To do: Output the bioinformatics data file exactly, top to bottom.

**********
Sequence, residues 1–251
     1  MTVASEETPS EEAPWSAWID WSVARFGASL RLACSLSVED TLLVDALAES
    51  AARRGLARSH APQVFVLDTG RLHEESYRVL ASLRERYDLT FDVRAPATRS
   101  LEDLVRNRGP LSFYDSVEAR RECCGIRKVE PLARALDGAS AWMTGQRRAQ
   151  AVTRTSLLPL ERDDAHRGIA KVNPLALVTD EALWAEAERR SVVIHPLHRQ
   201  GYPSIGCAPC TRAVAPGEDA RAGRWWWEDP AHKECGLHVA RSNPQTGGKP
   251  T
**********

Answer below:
Sequence, residues 1–251
     1  MTVASEETPS EEAPWSAWID WSVARFGASL RLACSLSVED TLLVDALAES
    51  AARRGLARSH APQVFVLDTG RLHEESYRVL ASLRERYDLT FDVRAPATRS
   101  LEDLVRNRGP LSFYDSVEAR RECCGIRKVE PLARALDGAS AWMTGQRRAQ
   151  AVTRTSLLPL ERDDAHRGIA KVNPLALVTD EALWAEAERR SVVIHPLHRQ
   201  GYPSIGCAPC TRAVAPGEDA RAGRWWWEDP AHKECGLHVA RSNPQTGGKP
   251  T